6. However, we believe, that the psychological and economic factors underlying the mass public acceptance of personal aircraft are the basic determinants in this entire situation. Any product, no matter what it is nor how good it is must be sold to the public. Public acceptance is a matter of gradual evolution. It involves overcoming prejudices and inertia and conservatism. It also involves timing in the working out of a multiplicity of interrelated factors.

7. We do not believe it possible to revolutionize our industry and to turn it into a high volume business in any short span of time merely by creating an airplane “differing radically” from those available today. Such a step would help, were it possible, but mass acceptance is a matter of decades, not a few years, as a little backward looking will reveal.

8. In reviewing the personal plane industry and its growth and development over a period of nearly three decades, it is our considered opinion that the evolutionary pattern which has observably developed is attributable to the inherent advantages of the airplane over other transportational forms. Such advantages are basically two in number and are (a) speed, and (6) flexibility. The evolutionary process has tended toward harnessing these advantages in a competitively economic fashion, which involves not only cost but also, by logical extension, reliability and safety.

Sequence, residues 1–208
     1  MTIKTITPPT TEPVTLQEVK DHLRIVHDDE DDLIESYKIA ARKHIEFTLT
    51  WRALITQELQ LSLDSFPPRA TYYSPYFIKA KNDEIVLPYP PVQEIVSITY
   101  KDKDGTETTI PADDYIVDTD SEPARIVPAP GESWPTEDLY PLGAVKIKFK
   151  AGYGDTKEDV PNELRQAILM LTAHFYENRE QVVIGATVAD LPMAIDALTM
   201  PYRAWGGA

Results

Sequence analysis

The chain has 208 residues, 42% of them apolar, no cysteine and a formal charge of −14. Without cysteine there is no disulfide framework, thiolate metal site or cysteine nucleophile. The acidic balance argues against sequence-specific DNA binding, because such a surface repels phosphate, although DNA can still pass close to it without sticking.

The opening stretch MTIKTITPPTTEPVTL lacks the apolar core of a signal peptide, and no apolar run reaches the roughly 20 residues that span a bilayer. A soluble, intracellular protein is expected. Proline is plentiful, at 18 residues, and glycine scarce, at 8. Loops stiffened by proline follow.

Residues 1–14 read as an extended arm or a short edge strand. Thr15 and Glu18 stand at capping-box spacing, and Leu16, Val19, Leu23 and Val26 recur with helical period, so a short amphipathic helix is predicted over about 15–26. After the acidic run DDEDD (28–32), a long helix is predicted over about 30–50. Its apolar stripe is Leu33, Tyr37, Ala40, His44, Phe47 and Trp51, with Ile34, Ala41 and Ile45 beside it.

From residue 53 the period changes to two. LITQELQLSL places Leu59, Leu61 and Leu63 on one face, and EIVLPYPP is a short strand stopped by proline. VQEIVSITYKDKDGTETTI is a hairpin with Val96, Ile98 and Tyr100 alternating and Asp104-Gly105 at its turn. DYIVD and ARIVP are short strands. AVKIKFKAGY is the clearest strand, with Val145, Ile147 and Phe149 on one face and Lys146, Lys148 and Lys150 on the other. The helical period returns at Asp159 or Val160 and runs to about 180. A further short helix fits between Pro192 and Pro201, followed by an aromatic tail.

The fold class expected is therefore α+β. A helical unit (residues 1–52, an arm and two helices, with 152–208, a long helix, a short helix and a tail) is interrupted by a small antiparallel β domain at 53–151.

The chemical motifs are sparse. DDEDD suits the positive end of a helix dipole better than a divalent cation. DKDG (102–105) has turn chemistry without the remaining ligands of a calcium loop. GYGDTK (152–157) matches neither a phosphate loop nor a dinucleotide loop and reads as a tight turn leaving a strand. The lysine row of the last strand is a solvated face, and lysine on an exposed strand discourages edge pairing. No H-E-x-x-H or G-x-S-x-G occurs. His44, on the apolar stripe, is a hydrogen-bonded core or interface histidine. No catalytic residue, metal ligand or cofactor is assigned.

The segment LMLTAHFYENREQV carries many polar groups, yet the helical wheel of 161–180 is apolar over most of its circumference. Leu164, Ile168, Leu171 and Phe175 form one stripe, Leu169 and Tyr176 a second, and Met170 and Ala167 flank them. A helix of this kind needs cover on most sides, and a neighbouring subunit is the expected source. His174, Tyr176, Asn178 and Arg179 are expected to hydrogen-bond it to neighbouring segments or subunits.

9. We maintain, and are adequately supported in our contention by the numerous disasters of a financial nature which have overtaken designers and manufacturers who, in the past, have tried to go contrary to the evolutionary trend, that an airplane is a vehicle of great utility but that such utility is specifically circumscribed by physical and economic limitations. Projects of this sort fail of their purpose because one characteristic is emphasized at the expense of a balanced design.

10. We, therefore, view with considerable suspicion any proposal which centers around the development of a "radically different” aircraft to create "greater utility”. We assume that the intention underlying such a proposal is to combine in a single package as many features, based on known principles as will enable such an aircraft to perform beyond the inherent capabilities of presently available aircraft. This is to be done without sacrifice of present favorable characteristics and without disturbing substantially the present cost structures.